Over 800 Baby Turtle Rescued from a Storm Drain near New Jersey Shore
While turtles are usually found in the ocean, various volunteers discovered over 800 baby turtles in a storm drain near the New Jersey shore. Over the past few days, volunteers have saved hundreds of baby terrapin turtles from drains across several oceanside communities.
Apparently, these baby turtles fell between the gaps in storm drains as they were trying to cross the streets that lay between the ocean and their nesting chambers further inland.
The tiny turtle babies stayed inside their nestling ground to wait out the colder winter months. With the arrival of warmer weather, the turtles – which were roughly the size of a quarter – began to move toward the ocean.
Rescued from the communities of Ocean City, Ventnor, and Margate, the 816 babies have joined over 200 turtle babies, already being taken care of at Stockton University’s vivarium in Galloway Township.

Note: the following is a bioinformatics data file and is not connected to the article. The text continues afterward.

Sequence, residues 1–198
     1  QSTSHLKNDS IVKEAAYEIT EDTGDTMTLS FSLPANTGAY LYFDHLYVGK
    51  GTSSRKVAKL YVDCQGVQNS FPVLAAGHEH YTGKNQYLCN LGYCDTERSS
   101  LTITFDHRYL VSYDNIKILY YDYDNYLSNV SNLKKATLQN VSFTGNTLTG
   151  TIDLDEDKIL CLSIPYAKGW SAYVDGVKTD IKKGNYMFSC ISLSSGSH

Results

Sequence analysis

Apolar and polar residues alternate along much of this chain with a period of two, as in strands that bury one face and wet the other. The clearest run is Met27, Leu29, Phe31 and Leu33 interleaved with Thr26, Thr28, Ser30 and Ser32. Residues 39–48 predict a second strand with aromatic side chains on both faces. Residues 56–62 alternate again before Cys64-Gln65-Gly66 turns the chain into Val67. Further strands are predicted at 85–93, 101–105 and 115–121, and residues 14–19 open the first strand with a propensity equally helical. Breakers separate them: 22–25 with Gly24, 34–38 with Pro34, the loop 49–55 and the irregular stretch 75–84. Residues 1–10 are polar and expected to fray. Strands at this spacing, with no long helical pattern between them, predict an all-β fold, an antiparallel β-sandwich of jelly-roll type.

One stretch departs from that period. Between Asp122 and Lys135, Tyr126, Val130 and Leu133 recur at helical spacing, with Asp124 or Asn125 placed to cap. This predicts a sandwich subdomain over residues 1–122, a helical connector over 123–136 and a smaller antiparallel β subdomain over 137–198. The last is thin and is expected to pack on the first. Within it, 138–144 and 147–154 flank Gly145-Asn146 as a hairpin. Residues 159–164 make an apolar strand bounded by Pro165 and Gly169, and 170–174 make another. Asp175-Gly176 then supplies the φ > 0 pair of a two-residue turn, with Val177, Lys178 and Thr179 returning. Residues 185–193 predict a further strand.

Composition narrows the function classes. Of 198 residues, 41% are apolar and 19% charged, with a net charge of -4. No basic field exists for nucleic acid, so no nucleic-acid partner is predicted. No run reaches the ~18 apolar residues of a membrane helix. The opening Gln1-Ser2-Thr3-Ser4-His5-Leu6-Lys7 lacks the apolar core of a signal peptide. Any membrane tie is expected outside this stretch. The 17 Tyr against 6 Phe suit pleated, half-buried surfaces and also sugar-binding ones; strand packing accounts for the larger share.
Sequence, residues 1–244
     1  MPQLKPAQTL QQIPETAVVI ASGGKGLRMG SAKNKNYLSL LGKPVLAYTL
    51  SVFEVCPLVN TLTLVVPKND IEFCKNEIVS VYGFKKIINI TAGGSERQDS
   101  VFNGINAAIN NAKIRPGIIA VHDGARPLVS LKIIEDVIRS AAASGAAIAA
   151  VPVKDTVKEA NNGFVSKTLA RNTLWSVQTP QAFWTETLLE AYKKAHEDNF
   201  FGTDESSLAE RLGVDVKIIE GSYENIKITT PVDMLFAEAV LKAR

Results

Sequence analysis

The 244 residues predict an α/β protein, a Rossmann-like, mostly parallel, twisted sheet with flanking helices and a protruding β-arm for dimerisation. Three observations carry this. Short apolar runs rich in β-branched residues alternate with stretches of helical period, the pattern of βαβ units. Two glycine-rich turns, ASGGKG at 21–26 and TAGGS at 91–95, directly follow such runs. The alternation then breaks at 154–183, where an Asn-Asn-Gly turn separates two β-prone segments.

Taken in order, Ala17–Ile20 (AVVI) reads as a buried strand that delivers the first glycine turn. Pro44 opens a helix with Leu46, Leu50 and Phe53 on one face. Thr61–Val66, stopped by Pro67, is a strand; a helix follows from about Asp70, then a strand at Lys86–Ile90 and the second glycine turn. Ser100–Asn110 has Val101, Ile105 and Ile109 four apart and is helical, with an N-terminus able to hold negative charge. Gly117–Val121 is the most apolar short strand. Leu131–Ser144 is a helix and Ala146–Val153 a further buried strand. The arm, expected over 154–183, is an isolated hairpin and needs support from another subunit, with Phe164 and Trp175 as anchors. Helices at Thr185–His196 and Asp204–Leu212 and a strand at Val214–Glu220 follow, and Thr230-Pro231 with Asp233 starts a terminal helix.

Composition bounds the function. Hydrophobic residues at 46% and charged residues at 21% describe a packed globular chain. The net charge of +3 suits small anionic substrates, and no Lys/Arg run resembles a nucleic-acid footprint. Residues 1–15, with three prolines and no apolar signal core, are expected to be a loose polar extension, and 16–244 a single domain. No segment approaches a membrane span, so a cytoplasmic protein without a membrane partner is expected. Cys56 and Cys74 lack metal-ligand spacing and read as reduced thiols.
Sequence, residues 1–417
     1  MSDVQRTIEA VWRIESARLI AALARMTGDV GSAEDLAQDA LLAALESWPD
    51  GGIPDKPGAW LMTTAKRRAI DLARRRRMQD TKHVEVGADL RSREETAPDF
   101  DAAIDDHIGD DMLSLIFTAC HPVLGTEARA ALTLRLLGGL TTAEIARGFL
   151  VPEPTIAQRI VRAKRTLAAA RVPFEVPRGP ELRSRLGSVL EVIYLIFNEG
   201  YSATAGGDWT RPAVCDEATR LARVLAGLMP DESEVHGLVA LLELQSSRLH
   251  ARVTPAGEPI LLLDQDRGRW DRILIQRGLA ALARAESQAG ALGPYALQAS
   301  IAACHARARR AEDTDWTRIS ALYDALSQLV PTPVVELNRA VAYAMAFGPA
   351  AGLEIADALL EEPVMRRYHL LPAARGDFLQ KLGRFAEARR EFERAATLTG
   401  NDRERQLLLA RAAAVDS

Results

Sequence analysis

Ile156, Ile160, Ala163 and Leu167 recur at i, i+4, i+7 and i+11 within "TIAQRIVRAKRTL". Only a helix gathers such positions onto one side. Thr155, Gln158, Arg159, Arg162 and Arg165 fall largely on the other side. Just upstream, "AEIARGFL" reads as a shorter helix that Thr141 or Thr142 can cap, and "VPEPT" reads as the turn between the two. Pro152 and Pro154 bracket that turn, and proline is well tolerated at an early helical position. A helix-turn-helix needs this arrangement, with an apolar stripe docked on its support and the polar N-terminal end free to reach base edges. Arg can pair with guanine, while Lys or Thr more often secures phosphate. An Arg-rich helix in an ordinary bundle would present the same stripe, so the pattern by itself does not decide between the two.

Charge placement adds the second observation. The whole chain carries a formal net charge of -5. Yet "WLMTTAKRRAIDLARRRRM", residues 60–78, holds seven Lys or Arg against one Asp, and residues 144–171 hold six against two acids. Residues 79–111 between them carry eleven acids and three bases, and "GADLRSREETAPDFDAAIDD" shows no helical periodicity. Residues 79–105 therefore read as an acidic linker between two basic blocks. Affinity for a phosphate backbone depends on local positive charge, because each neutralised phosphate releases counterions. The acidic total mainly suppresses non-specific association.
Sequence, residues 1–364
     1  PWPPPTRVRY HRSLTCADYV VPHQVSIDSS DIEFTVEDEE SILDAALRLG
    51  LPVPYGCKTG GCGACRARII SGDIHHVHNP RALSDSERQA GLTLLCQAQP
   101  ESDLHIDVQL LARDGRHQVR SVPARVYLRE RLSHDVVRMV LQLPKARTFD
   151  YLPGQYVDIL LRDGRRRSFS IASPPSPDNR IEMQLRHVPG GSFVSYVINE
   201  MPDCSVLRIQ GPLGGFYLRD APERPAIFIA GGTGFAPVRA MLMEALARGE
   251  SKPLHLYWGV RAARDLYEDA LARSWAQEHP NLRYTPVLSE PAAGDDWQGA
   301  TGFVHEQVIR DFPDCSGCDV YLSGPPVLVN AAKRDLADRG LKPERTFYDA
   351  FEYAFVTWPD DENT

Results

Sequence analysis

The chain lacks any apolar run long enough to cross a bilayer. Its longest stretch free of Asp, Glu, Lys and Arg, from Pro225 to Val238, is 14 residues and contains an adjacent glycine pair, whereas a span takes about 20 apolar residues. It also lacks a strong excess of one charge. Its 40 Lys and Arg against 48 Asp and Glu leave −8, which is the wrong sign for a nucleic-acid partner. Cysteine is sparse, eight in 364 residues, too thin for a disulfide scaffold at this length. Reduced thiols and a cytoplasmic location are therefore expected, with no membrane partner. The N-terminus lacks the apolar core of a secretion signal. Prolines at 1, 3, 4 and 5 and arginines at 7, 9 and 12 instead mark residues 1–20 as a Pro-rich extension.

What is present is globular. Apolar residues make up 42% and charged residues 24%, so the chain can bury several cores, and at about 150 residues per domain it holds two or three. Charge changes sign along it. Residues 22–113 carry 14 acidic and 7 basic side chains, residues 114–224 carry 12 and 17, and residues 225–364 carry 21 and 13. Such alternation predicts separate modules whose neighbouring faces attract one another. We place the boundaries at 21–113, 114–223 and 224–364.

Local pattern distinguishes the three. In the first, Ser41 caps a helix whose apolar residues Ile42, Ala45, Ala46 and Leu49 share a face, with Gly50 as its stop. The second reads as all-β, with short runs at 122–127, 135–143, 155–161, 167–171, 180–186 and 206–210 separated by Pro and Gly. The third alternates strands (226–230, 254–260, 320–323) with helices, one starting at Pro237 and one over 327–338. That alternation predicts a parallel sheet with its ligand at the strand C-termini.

The babies will be monitored and cared for over the course of the next year, before being released into the ocean.
According to the university, given the optimum growing conditions, the terrapin will be two or three times larger than a similarly aged wild turtle. This will give them a higher chance at long-term survival and hopefully, will help keep populations high of this endangered species.
Currently, the university is tending to 1,108 turtles, which will enjoy a predator-free first year of life while being given nutritious food and regular checkups.
Terrapin turtles are classified as “near threatened” by the IUCN Red List due to their decreasing populations. The species has been facing threats from a multi-million dollar industry for gourmet restaurants.